JEWISH SCIENTISTS, WOMEN LIBRARIANS, and GURKHA SOLDIERS.

Much the same criticism can be levied
at obviously sexist terminology,
which still flourishes in most subject heading schemes,
like LUMBERMEN, FIREMEN, SALESMEN AND SALESMANSHIP.
Again, the implication is that
these work or occupational categories are strictly male.
Well, the U.S. Government itself
has lately changed such stereotyped nomenclature.
And so--to a large extent--have we.
Thus, you'll shortly find LUMBER WORKERS instead of LUMBERMEN,
FIRE FIGHTERS rather than FIREMEN,
etc.

Another objective here
has been to strive
for both authenticity & fairness.
Granted, most of the world knows about the "Bushmen" of South Africa.
But there are no people in South Africa who ever called themselves
by that name.
It's a monicker that Europeans laid on them.
Without asking.
Their real name is SAN: S-A-N.
And that's the one we use,
of course cross-referencing
from the wrong form,
printed in quotation-marks.
The same is true of NEGROES,
now AFRO-AMERICANS,
and several other peoples.

One more wrong-headed LC tendency we've tried to overcome
is that of either too slowly recognizing--
or altogether failing to recognize--
that many peoples of a distinct ethnic or national origin
at some point have become bona fide Americans.
Thus, we continue to find headings
for JEWS IN THE UNITED STATES, CHINESE IN THE UNITED STATES,
and UKRAINIANS IN THE UNITED STATES,
even though the works assigned these headings may deal largely,
if not wholly,
with 2d, 3d, or later generations
of Jews, Chinese, & Ukrainians "in America."
In such cases,
we recognize their Americanness--
together with their ethnicity--
through headings like JEWISH-AMERICANS, CHINESE-AMERICANS,
and UKRAINIAN-AMERICANS.

And then there's the unabating problem of new
(sometimes even old)
concepts & topics
that unmistakably appear in books & other media,
but which LC hasn't yet got around to formally noticing.
As examples:
BERMUDA TRIANGLE, LAMAZE TECHNIQUE, RACISM, WOMEN STUDIES, SEXISM, NATIONAL LIBERATION
MOVEMENTS, NATURAL FOODS, POLICE MALPRACTICE, RAPE CRISIS CENTERS, SONGWRITERS, STEELBAND
MUSIC, ROSEMALING, WOMEN'S PUBLISHERS AND PUBLISHING, and the TRANS-ALASKA PIPELINE.
To illustrate quickly:
The LC tracings for a volume we lately received titled Sexism in education and society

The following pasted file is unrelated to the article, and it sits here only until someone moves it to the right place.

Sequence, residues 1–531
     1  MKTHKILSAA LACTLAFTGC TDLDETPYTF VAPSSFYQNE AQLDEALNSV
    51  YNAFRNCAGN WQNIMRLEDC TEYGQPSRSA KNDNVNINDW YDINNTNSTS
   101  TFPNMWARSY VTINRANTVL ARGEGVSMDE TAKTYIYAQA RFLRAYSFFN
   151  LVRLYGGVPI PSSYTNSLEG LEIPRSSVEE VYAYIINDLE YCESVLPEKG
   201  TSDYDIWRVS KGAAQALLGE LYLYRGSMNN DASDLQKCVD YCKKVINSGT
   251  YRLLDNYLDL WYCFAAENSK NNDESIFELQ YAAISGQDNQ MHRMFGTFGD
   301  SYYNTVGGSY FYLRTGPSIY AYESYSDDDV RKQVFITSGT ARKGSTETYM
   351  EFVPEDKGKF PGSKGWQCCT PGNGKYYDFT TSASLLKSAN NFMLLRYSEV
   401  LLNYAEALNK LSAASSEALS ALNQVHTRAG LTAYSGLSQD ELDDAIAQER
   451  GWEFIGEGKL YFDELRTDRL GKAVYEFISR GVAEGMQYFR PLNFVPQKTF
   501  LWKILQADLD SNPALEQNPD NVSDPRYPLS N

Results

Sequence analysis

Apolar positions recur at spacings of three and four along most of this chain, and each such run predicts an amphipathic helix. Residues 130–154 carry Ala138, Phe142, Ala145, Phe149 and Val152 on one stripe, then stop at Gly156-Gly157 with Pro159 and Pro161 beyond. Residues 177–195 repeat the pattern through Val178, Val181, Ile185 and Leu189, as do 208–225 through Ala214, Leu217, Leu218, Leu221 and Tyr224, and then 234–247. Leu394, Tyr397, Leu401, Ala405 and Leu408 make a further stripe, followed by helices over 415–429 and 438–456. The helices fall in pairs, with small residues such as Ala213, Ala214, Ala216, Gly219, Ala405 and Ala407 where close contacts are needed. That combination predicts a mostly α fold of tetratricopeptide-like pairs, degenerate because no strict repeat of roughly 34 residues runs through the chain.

were 1) EDUCATION OF WOMEN
and 2) SEX DIFFERENCES IN EDUCATION.
Not alone nor together do those two headings satisfactorily disclose
what the book deals with.

To enhance searching and finding,
a lot can also be done--
and we're trying to do it--
through cross-referencing.
Key here is that there's often more than one way
to say the same thing,
but only one of those ways will enjoy primary-head status.
To get specific,
someone searching for material on "babies" very well might not realize
that it's all listed under INFANTS.
But the searcher won't go away disappointed
if we've been clever enough to make a cross-reference
from BABIES to INFANTS.

What I've described as our "attitude"
ramifies into other areas, as well.
For one thing, we WANT feedback & suggestions from the people we serve:
you & the public.
We've begun to get it.
For instance, the BERMUDA TRIANGLE and LAMAZE TECHNIQUE heads just mentioned
were suggested by community librarians.
And another colleague has contributed a well thought-out recommendation
for expamnding the Popular Music schedule in Dewey.
So if there are any new subjects or numbers you want,
let us know.
And also feel absolutely free to respond to what we print
in the Cataloging bulletin,
regardless of whether you approve or disagree.
It's intended as a free-for-all forum.
No holds barred.

Further along this line,
some of us have started to "agitate"
against imposition of the International Standard Bibliographic Description
--or ISBD--by LC.
This was discussed is recent bulletins.
ANd boils down to a change in cataloging format
that at best will mean nothing to our public
and at worst will toss in more garbage--
like Latin abbreviations and mind-blowing punctuation--
that COULD turn people off,
making them feel pointlessly stupid
and frustrated.
And it's worth underscoring that the "ISBD issue"
is not exclusively technical.
In fact,
it's a public service issue.

All of this may not constitute
a perfectly cogent statement of
"cataloging philosophy."
But maybe it conveys something
about where our heads are at.
And
our hearts,
too.

--S. Berman